(CBS) –The results of a new public opinion poll show Mayor Rahm Emanuel may not be in as much trouble with voters as some thought and that CTU President Karen Lewis’ strength may have been overstated, though she disagrees.
Lewis spoke with CBS 2 Chief Correspondent Jay Levine and said she isn’t surprised by the poll and points out that the organization that commissioned the poll, Ed Choice Illinois, which supports what it calls quality school options, is not exactly a natural ally.READ MORE: United Center Welcoming Back Fans For First Time In Over A Year For Bulls Home Game
“I mean Ed Choice Illinois, c’mon they are like charter school people and voucher people,” Lewis said.
Lewis spoke by phone from Hawaii, where she’s spending the final days of her vacation before returning to Chicago to continue exploring a possible run for mayor, despite the results of a poll question contained in a larger survey.
“The most surprising answer for us was certainly the appetite that the city of Chicago has for expansion of new options for school choice,” said Myles Mendoza of Ed Choice Illinois.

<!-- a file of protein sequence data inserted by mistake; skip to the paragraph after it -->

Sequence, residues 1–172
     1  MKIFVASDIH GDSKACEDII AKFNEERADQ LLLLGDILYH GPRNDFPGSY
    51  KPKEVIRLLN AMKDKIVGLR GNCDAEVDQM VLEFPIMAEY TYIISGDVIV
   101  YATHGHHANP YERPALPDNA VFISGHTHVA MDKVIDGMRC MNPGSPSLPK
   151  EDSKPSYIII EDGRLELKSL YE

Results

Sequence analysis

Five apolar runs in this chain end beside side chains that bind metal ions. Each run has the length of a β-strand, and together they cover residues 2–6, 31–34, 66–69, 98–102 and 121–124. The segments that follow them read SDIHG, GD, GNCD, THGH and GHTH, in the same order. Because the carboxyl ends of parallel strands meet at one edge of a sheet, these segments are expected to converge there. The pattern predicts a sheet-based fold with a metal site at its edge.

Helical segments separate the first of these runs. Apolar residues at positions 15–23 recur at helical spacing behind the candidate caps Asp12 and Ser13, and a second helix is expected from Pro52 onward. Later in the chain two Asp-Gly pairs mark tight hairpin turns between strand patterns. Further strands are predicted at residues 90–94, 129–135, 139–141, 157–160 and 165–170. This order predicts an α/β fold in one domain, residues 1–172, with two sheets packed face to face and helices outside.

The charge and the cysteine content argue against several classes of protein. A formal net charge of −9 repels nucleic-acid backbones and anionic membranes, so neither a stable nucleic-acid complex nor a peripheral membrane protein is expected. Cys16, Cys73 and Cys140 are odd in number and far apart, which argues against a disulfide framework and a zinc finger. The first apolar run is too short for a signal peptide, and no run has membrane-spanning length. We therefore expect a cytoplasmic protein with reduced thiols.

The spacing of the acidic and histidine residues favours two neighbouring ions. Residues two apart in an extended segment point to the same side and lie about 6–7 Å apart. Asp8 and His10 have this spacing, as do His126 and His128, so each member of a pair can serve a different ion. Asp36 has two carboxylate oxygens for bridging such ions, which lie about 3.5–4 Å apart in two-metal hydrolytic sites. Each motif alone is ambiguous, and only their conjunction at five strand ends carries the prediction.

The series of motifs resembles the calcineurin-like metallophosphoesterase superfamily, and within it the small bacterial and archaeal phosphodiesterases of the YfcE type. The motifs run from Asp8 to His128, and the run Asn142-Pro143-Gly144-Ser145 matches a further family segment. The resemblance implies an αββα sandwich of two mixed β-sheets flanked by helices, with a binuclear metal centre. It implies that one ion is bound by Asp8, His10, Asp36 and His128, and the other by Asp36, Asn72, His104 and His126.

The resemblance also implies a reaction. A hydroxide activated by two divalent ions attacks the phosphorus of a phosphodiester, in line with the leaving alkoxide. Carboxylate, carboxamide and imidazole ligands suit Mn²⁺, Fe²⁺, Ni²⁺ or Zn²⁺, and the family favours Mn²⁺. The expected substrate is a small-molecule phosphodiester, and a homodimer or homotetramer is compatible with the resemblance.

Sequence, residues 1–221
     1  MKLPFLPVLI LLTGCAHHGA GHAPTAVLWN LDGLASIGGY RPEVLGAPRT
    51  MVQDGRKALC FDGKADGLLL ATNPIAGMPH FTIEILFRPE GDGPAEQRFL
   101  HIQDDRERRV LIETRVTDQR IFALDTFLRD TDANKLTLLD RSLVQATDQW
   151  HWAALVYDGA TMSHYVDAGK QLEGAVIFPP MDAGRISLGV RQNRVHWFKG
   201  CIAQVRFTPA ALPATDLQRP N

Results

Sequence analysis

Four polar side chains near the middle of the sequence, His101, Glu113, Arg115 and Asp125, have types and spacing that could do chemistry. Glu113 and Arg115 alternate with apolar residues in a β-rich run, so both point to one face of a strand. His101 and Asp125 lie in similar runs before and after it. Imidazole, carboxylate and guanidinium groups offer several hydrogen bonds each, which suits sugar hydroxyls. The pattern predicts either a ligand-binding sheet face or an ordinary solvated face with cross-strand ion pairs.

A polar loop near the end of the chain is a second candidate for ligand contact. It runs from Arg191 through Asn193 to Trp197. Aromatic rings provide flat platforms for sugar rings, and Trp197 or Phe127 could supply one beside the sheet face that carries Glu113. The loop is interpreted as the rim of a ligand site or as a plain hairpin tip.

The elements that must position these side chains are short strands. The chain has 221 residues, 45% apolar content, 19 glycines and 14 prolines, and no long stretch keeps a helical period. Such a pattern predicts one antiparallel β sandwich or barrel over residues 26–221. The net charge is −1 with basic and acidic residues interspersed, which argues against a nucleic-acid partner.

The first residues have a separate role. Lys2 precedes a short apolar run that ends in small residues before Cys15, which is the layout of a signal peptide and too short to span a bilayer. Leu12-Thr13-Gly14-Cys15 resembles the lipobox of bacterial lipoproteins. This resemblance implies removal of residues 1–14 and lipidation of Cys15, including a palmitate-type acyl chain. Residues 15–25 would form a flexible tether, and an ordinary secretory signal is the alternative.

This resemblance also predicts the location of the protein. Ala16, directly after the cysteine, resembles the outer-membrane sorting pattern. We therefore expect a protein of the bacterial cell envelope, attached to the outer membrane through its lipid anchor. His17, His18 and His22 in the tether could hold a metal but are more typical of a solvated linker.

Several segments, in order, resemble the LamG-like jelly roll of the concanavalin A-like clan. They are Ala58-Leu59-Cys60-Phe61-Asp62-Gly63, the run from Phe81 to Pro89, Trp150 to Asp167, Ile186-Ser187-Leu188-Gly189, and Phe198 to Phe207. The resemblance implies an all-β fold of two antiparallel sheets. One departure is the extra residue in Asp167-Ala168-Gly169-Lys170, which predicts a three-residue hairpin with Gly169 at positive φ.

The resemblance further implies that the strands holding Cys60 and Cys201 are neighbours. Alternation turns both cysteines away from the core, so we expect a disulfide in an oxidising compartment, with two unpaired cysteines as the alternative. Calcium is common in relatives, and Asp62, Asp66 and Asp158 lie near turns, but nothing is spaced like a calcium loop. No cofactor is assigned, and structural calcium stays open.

Which has been Mayor Emanuel’s priority. So it would not be surprising if those who support expanding options also back the Mayor. And they did.
45 percent of those responding are either supporting or leaning toward supporting the mayor with 33 percent supporting or leaning toward supporting the Chicago Teachers Union president. 22 percent are undecided and the margin of error is 4.4 percent.READ MORE: Multiple Vehicle Broken Into, Burglarized On Same Block In Morgan Park
“33 percent are saying they would vote for me, a third of the people polled, when I haven’t even announced a candidacy is pretty amazing,” Lewis said.
What is surprising is that the results of the David Binder Research survey; 45-33 Emanuel, are almost exactly opposite what a We Ask America poll found two weeks ago. It showed Emanuel with 36 percent to Lewis’ 45, and 18 percent undecided.
Reaction from the mayor’s campaign was muted, “Polls will come and go and there will be a time for politics,” a spokesman said, “but the mayor is focused on improving life for every neighborhood.”
It’s the one thing the Mayor and Lewis agree on.
“This is just so early to be even have a conversation about polls, but there’s work that needs to be done in all parts of the city for anyone who’s even thinking about running,” Lewis said.MORE NEWS: Chicago Weather: Stray Showers Possible Friday Morning, Evening; Cool Weekend Ahead
It was pretty clear from her conversation with Levine that she still has some work and some thinking to do before she decides.